Score another broadside into the city's floundering legal armada: The residents of De Anza Harbor Resort have been granted a preliminary injunction barring the city from moving ahead with plans to toss them off city-controlled land in Mission Bay Park now that a 50-year lease there has expired.
Superior Court Judge Charles R. Hayes issued the ruling Dec. 12 in favor of the more than 1,100 mobile-home park residents. In siding with the residents, Hayes's ruling noted: "Plaintiff has established a reasonable probability of success on the merits."
"The court's ruling," said Tim Tatro, one of the residents' attorneys, "gives the many elderly and disabled residents of the park some much needed relief from the city's scare tactics and threats of eviction [and] vindicates our position that California's mobile-home residency laws cannot be skirted-even by the city of San Diego in its desire to develop a 600-room hotel on the banks of Mission Bay."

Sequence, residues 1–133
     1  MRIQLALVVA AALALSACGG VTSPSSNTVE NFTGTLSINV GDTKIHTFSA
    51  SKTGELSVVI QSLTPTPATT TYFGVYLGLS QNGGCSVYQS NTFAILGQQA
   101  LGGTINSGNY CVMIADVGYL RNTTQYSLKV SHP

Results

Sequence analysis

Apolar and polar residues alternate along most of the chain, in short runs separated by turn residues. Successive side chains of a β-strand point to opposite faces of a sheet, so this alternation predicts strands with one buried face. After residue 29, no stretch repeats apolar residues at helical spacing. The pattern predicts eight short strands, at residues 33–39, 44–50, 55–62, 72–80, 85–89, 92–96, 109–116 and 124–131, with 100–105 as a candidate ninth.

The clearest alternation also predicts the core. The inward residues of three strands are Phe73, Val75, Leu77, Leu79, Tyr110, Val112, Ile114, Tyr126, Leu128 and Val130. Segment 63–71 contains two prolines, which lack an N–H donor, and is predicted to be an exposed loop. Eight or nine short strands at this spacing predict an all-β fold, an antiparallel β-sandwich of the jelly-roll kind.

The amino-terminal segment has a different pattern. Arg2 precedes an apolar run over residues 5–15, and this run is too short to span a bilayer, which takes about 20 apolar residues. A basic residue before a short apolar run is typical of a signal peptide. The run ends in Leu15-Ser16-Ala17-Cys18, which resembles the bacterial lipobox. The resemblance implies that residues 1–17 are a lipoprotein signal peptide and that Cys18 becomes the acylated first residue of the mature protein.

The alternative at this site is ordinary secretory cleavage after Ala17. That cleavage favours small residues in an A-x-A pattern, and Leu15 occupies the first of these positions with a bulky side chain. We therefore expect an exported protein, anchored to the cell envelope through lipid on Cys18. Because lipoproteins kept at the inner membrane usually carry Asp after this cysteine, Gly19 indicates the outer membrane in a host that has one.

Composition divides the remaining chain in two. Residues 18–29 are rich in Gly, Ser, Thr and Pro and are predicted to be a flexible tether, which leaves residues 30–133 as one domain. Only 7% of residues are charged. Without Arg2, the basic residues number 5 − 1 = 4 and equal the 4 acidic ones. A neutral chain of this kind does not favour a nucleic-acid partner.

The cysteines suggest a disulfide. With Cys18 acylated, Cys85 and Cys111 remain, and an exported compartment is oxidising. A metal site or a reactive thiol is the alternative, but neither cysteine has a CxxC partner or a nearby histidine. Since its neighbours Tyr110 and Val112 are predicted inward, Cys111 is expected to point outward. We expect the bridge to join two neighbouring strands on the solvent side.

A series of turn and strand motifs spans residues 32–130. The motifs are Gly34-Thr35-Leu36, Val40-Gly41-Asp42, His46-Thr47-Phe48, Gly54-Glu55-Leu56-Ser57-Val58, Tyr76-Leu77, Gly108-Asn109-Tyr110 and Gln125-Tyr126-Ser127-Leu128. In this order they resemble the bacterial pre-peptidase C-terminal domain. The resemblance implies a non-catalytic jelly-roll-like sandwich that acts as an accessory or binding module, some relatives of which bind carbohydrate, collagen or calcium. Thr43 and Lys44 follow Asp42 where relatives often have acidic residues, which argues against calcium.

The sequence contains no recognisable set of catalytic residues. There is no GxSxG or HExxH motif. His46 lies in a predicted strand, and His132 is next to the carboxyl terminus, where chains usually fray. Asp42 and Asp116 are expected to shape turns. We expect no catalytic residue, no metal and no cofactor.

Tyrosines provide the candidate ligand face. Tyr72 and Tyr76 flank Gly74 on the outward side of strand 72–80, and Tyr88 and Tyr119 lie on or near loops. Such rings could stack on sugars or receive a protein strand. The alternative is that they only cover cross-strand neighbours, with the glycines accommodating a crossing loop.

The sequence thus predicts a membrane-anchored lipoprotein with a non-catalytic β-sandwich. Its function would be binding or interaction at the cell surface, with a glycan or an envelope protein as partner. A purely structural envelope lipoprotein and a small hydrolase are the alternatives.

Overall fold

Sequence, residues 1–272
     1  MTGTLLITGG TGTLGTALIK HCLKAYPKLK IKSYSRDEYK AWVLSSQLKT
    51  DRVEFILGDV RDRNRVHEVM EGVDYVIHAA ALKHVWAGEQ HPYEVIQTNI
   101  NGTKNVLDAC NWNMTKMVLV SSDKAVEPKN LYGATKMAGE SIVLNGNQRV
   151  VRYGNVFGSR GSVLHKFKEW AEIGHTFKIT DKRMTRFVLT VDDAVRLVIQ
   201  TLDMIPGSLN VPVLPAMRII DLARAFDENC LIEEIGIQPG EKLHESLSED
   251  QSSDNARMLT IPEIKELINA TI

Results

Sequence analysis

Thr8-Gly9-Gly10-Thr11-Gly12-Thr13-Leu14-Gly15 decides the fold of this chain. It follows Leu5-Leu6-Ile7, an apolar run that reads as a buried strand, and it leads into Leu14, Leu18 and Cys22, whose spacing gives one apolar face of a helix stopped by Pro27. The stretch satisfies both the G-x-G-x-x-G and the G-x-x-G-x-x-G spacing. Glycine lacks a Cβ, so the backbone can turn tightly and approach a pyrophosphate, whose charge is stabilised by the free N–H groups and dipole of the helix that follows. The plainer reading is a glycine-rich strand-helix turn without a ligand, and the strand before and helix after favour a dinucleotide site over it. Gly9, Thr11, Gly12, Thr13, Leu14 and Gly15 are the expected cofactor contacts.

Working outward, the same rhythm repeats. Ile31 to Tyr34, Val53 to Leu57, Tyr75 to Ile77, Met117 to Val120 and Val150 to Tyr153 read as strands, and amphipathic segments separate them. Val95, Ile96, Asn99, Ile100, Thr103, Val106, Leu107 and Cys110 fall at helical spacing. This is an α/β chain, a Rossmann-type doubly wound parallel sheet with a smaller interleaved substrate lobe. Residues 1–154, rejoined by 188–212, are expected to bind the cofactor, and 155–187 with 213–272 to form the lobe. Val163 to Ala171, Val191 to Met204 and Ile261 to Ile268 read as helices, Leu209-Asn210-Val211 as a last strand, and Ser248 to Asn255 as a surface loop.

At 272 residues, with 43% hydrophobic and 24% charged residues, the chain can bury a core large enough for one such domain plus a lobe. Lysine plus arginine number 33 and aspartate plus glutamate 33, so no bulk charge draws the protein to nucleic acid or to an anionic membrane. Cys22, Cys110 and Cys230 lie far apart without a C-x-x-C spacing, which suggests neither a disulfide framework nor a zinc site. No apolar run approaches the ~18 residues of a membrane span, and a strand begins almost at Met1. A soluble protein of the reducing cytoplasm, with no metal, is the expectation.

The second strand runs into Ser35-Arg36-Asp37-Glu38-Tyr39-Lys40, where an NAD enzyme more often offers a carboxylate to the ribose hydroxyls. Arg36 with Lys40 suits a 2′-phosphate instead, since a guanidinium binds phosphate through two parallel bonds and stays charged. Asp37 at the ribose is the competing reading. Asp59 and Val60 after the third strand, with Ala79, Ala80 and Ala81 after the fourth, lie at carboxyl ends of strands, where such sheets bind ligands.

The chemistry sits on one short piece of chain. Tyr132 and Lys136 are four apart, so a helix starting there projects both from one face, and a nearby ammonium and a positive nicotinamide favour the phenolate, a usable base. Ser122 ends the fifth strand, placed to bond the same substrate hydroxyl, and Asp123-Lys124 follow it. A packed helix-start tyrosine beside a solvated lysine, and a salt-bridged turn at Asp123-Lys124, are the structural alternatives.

This week, city officials notified De Anza attorneys that they will present oral arguments Dec. 19 to try to get the ruling overturned, but such moves rarely alter the outcome, which effectively stops the city from evicting residents while a class-action lawsuit on the matter proceeds during the next year to 18 months, Tatro said.
"We have won the day," proclaimed Ernie Abbit, president of the park's homeowners association, on the residents' information hotline. "You all can celebrate. Enjoy it to the fullest."
Association attorneys convinced the court that the city has failed to comply with state laws governing the closure of mobile-home parks, including its refusal to prepare a tenant-impact report that is intended to protect park residents from undue hardship and assist with relocation. Some park residents have said they have nowhere else to go. No mobile-home park spaces are currently available in San Diego County, the attorneys said.
In their notice, city officials said they will also argue that the city should receive rent directly from the hundreds of residents who are refusing to accept the city's settlement offer of $4,000 to $8,000 to leave the park. In its filing, the cash-strapped city is requesting total control over how that money is spent.
"We will oppose the city's contentions," Tatro's partner, Peter Zamoyski, told CityBeat this week.